WASHINGTON — In the past year, political campaigns, parties, and pro-democracy groups around the world have faced more than 800 cyberattacks, according to new data provided to Rolling Stone by tech giant Microsoft.
“The threat is real and it’s not stopping,” Tom Burt, a vice president of customer security and trust at Microsoft, tells Rolling Stone. “Anyone involved in the democratic process needs to know that it’s likely not a question of if they’ll be targeted but whether they will be breached, and there’s a lot they can do today — basic cybersecurity hygiene — to protect themselves.”
The 2016 presidential race demonstrated how a foreign adversary’s hacking operation could wreak havoc in US democracy — in that case, by digitally breaking into the DNC and the personal email account of Clinton campaign chief John Podesta and then weaponizing those stolen emails and documents through publishing them online.
Despite Special Counsel Robert Mueller’s indictment of 12 Russian intelligence officers for the DNC and Podesta hacks, the cyberattacks didn’t let up in the 2018 midterm elections. In the summer of 2017, shortly after President Trump took aim at then-Sen. Claire McCaskill (D-Mo.) and told a Missouri rally crowd to “vote her out of office,” Russian-affiliated hackers targeted staffers in McCaskill’s Senate office and tried to dupe those staffers into handing over their email passwords.
Rolling Stone broke two stories that revealed online attacks targeting two Democratic candidates for Congress in competitive races, one of whom was challenging then-Rep. Dana Rohrabacher (R-Calif.), widely seen as the most pro-Russia lawmaker in Washington. (Rohrabacher lost his race last year.) The other Democratic candidate was Bryan Caforio, whose official campaign website was crippled multiple times by distributed denial of service attacks.
The FBI has investigated both of these incidents and continues to look into the DDoS attacks on Bryan Caforio, according to a source with knowledge of the investigation.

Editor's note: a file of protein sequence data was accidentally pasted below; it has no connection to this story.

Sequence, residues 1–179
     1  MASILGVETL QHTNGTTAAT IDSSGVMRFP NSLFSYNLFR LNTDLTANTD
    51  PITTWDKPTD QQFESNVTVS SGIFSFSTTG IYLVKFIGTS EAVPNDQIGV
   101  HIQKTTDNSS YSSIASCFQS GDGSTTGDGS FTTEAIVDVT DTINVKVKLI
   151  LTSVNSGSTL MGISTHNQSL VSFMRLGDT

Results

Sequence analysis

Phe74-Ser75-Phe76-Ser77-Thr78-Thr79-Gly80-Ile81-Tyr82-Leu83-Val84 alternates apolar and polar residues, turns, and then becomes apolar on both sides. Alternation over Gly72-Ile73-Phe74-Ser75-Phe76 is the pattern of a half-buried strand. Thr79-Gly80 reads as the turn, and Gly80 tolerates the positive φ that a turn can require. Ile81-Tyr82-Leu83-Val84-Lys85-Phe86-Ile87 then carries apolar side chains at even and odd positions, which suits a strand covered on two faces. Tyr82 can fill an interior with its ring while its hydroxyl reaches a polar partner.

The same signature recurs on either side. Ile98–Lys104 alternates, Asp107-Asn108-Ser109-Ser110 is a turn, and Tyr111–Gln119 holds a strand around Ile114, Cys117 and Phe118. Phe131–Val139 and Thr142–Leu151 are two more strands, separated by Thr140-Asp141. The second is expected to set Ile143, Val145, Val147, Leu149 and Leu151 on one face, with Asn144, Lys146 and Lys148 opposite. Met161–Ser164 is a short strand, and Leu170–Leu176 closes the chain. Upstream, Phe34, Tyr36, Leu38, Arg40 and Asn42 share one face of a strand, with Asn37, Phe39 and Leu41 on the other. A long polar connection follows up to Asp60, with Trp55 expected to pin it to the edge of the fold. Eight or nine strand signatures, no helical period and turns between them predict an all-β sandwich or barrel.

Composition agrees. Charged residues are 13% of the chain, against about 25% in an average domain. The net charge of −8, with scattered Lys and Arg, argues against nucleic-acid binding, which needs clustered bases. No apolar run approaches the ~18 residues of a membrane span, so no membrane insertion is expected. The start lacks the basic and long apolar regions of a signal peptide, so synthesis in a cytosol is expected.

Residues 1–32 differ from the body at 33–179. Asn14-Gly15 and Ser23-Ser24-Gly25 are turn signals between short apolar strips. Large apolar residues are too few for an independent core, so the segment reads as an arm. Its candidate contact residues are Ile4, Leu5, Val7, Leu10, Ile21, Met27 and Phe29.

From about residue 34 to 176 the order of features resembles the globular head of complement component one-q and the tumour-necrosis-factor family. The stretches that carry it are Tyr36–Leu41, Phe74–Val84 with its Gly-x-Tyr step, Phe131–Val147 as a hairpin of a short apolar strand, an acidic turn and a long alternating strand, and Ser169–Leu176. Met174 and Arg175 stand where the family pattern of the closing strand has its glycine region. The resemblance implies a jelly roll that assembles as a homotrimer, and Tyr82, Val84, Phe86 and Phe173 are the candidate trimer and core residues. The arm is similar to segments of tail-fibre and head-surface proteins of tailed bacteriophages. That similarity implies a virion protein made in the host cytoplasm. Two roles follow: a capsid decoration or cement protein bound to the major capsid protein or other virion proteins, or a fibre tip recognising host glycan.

Then-Director of National Intelligence Dan Coats said in the summer of 2018 that the warning lights for future cyberattacks on American elections were “blinking red.” A month later, Microsoft announced that it had used a court order to disrupt and shut down phony domain names used by Fancy Bear, the Russian-affiliated hacking operation, to attack U.S. Senate staffers and employees of nonprofit groups like International Republican Institute that have been critical of Russia and its leader, President Vladimir Putin.
As part of its Defending Democracy Program, Microsoft created a free tool called AccountGuard that political candidates, parties, and democracy-focused NGOs can use for free to protect themselves against the hacking attempts and other cyberthreats. There are approximately 60,000 accounts enrolled in AccountGuard, which is available in more than two dozen countries, according to Microsoft.
Tom Burt, the Microsoft executive in charge of customer security, tells Rolling Stone that the majority of nation-state attacks the company has detected against all Microsoft customers have originated with actors in Iran, North Korea, and Russia. (The company doesn’t specify which nation-states are behind attacks on political campaigns, parties, and pro-democracy groups that use the AccountGuard tool.)
Burt says that he and his team have detected a pattern in the cyberattacks that they’re seeing. “Early on in election cycles, we often see the majority of attacks targeting NGOs and think tanks involved in policy-making process and that are in communication with campaigns,” Burt says. “As we get closer to elections themselves, we often see more attacks targeting campaigns themselves and the personal email of campaign staff.”
The Microsoft data suggest that, when it comes to the threat of cyberattacks, the 2020 elections are shaping up to be as bad or worse than 2016.